Group Drug Counseling

Human beings are naturally predisposed to be in groups. Because of this, group drug counseling is an effective tool to treat people’s addictions. In fact, research has shown it to be as effective as one to one therapy, if not more. One reason for this is because group therapy has so many unique benefits, including witnessing other people’s recovery and reducing isolation. Furthermore, they properly treat many of an addicted person’s associated problems, including shame, isolation, and depression. Put together, this can draw people into a culture centered around recovery.

Understanding Group Therapy

Group therapy is a unique form of therapy that can be used in the treatment of various psychological disorders, which include addiction and substance abuse. Typically, it means that people attend regular sessions where therapists work together with a range of individuals who suffer from the same health condition, particularly substance abuse.

Benefits of Group Drug Counseling

Group drug counseling comes with a range of specific benefits, including:

  • Placing people in an environment where they can be with their peers, who are going or have been going through the same things. Newcomers can see that progress is possible, and those who have been in the process for a longer time can be mentors.
  • Showing members that they are not alone in their journey, enabling them to talk about their experiences and information with others. This helps to raise both self-esteem and confidence. Overall, when people share their feelings and emotions, they reduce stress, pain, and guilt.
  • Creating an environment in which people can stop taking part in risky and destructive behavior, including actively seeking new drugs. Instead, they start to practice new behaviors that focus on being healthy.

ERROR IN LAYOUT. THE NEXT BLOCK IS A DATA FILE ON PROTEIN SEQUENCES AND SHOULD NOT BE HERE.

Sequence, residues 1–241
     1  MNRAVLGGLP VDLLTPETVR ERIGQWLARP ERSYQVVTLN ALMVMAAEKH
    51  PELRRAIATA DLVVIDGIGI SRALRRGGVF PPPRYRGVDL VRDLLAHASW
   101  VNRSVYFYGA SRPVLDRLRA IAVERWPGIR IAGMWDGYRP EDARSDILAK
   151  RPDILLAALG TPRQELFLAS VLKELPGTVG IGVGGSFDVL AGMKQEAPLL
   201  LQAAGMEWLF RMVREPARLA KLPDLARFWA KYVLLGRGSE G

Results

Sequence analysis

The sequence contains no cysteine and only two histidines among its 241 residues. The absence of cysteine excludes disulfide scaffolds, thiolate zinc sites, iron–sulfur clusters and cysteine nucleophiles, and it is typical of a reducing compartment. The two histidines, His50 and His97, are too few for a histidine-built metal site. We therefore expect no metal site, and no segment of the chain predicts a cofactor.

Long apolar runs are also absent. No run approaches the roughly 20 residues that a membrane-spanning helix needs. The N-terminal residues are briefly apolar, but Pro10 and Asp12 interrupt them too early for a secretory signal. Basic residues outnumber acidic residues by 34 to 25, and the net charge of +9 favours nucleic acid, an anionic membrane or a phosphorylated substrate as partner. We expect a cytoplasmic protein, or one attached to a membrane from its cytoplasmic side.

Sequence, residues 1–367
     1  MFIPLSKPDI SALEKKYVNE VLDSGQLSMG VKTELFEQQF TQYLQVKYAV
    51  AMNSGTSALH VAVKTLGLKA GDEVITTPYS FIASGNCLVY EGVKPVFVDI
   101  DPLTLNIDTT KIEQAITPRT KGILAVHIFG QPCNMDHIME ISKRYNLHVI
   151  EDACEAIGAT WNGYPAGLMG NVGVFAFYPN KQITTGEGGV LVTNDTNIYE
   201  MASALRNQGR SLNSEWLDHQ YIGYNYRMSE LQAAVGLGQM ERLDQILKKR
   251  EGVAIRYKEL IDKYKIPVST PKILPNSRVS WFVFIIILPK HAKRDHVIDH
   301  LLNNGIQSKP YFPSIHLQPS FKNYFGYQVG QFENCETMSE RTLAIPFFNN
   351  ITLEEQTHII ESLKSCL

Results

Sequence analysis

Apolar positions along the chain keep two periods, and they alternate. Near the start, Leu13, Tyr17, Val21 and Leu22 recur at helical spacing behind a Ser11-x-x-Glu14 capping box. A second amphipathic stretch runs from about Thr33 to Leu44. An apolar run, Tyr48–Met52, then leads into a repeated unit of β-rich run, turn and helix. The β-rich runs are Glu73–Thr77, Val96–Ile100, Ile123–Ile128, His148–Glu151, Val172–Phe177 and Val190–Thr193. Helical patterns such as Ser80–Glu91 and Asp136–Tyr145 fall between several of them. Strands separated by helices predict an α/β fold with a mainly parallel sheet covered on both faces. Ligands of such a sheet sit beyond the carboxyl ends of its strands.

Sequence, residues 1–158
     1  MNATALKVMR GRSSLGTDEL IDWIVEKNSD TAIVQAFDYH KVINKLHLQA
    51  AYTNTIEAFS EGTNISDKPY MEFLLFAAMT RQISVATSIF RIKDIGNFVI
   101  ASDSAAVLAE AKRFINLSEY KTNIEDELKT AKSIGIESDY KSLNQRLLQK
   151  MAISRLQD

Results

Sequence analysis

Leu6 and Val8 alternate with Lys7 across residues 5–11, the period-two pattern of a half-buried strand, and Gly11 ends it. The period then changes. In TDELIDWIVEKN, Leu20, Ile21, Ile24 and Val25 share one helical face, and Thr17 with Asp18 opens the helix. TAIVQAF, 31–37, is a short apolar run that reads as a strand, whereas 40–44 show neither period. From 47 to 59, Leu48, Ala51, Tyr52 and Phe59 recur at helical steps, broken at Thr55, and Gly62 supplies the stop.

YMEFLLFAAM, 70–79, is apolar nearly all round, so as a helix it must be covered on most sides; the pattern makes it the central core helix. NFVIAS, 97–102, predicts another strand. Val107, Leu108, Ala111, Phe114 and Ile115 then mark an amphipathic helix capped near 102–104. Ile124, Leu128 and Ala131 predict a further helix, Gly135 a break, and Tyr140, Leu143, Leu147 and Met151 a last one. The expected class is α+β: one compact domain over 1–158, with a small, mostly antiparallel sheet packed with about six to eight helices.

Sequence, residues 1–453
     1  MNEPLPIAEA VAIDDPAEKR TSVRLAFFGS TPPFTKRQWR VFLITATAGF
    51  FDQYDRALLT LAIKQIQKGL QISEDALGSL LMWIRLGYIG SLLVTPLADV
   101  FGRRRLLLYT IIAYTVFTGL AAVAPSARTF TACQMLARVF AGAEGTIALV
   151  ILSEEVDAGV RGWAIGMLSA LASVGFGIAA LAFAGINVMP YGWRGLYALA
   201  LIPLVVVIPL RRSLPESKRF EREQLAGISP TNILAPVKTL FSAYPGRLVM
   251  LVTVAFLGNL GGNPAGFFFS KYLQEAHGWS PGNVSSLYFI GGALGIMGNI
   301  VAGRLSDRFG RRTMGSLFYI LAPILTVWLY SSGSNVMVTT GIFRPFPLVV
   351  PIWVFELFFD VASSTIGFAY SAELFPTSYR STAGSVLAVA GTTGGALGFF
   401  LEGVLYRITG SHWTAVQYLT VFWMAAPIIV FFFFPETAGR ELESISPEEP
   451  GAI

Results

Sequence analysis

During counseling, a therapist will create the structure for the group, controlling the discussions. The role of the therapist is also to provide extra advice and feedback, thereby ensuring that every participant can get to know themselves and learn how they progress.

What Addictions Can Be Treated in Group Therapy?

Many addictions can be treated through group drug counseling, including:

  • Alcohol
  • Nicotine or tobacco
  • Prescription painkillers
  • Opiates
  • Depressants
  • Stimulants like Ecstasy
  • Hallucinogens like LSD
  • Recreational drugs like marijuana
  • Illegal drugs like heroin or cocaine

How Group Counseling Can Be Used to Treat Addictions

Group drug counseling generally goes through six different stages, which are:

  1. Pre-contemplation, where participants are now at the point where they want to actively change their abusive and destructive behavior. They often do not believe that they have a problem and are still strongly in denial. They attend because counselors, family members, or others suggested that they should go.
  2. Contemplation, where participants are starting to think about quitting or at least decreasing how much they use because of the guidance of the therapist and others in the group.
  3. Preparation, where participants continue to use addictive substances but consider really stopping because they understand how continuing their behavior is harming them.